Wastewater has not significantly altered seismic stress direction in southern Kansas
Although wastewater disposal has been the primary driving force behind increased earthquake activity in southern Kansas since 2013, a new study concludes that the disposal has not significantly changed the orientation of stress in the Earth's crust in the region.
Activities like wastewater disposal can alter pore pressure, shape and size within rock layers, in ways that cause nearby faults to fail during an earthquake. These effects are thought to be behind most recent induced earthquakes in the central and eastern United States.
It is possible, however, that human activity could also lead to earthquakes by altering the orientation of stresses that act on faults in the region, said U.S. Geological Survey seismologist Robert Skoumal, who co-authored the study in Seismological Research Letters with USGS seismologist Elizabeth Cochran.
"Since we do not see evidence for a significant stress rotation [in the region], we think most of the earthquakes in southern Kansas are due to changes in pore pressures or porelastic effects rather than due to stress rotations," Skoumal said.
One way that researchers can learn more about the orientation of the stress field in rock layers where fluid fills fractures in the rock is through a seismic wave effect called shear wave splitting. Some of the shear waves traveling through the rock move parallel to open fractures and are therefore faster, while others move perpendicular to the fractures and have a lower velocity. Estimating the direction of the fast waves can help determine the orientation of the stress field.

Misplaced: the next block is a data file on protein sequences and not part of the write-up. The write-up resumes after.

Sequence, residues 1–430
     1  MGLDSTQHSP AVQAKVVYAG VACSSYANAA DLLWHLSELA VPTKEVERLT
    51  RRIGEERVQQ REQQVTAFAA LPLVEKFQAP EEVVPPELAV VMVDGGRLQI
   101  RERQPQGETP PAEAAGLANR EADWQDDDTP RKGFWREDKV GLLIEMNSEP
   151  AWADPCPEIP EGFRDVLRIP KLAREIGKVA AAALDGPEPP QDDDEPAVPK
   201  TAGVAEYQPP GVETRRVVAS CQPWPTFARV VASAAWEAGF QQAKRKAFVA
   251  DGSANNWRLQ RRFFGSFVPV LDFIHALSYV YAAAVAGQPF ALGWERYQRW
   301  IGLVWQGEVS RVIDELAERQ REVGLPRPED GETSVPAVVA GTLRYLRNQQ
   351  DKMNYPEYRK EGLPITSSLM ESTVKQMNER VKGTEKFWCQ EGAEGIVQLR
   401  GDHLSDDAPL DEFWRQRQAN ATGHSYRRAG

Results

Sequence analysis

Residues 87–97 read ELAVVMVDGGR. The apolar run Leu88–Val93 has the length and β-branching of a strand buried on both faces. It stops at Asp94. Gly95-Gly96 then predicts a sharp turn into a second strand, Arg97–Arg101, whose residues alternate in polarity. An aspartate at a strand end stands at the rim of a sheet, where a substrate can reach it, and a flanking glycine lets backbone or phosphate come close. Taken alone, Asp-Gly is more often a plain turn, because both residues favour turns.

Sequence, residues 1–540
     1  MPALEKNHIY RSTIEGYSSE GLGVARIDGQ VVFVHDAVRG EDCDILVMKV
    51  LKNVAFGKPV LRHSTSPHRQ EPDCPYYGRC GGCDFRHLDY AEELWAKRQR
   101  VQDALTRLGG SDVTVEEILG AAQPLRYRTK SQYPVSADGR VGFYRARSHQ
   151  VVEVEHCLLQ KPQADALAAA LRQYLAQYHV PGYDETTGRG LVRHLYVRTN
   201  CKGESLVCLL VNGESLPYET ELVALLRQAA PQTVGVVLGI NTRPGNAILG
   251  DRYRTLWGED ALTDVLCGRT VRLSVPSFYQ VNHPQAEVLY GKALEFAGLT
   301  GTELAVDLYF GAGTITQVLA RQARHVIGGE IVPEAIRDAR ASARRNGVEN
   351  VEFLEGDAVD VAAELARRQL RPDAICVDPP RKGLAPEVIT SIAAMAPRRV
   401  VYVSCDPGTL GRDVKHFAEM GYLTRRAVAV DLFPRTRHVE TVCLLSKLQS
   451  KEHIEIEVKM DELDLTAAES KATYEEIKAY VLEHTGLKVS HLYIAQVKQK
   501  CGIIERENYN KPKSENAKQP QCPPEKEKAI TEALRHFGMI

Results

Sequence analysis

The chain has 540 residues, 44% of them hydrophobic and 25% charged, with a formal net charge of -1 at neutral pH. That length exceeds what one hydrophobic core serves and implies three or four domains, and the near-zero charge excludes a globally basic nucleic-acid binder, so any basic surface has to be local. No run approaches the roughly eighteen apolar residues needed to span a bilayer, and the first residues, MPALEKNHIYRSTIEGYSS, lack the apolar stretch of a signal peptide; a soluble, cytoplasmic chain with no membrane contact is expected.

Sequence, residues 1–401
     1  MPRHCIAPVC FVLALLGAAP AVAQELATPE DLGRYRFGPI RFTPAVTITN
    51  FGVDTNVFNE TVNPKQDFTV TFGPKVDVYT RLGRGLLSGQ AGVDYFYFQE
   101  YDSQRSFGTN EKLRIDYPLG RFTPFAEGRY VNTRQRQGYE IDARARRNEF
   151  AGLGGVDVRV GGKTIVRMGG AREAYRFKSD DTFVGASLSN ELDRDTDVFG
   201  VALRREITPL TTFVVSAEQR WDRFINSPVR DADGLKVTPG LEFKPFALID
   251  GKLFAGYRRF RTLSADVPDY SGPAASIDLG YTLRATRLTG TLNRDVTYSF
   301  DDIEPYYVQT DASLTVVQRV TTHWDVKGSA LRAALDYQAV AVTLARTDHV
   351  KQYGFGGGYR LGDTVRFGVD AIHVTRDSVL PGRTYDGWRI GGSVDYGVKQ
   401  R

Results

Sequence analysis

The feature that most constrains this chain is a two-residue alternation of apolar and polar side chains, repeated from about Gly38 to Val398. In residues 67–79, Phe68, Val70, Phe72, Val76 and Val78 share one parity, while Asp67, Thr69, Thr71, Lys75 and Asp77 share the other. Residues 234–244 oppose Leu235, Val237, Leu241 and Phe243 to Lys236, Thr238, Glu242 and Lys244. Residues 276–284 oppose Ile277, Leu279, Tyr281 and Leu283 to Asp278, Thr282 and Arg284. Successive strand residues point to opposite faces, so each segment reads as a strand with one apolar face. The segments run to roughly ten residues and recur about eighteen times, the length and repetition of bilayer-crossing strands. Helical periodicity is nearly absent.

A previous shear wave splitting study in southern Kansas estimated a 90-degree rotation in the fast direction beginning in 2015, which the study authors attributed to elevated pore fluid pressures from wastewater disposal. However, the rotation coincided with a change in the stations used to observe the shear waves.
Skoumal and Cochran decided to take another look at stress changes in southern Kansas as part of a larger effort to characterize stress in rock reservoirs without drilling expensive boreholes. When they analyzed shear wave splitting using high-quality data collected from a stable local seismic network, they found that the regional stress orientation remained relatively constant between 2014 and 2017.
The geological conditions of a wastewater reservoir might affect whether injection can alter stress orientation, Skoumal noted. Most of the wastewater injected in southern Kansas went into rock layers called the Arbuckle Group, "which is underpressurized—fluid can be 'poured in' without the need of a pump," Skoumal said, noting that pore pressures can diffuse rapidly in the highly permeable rock.
There are no reports of significant stress rotations due to wastewater disposal, the authors note, suggesting that it may either not be a common occurrence, the stress rotations are smaller than can be detected with current methods, or that the phenomenon hasn't been studied enough. Until recently, seismic instrumentation has been sparse in many places that have experienced a large increase in wastewater disposal over the past decade.
"Documenting stress orientations is already challenging in these regions, and characterizing changes in those stresses over time is an even greater challenge," Skoumal said. "In the areas where we have looked though, we haven't seen compelling evidence for significant stress rotations due to wastewater disposal."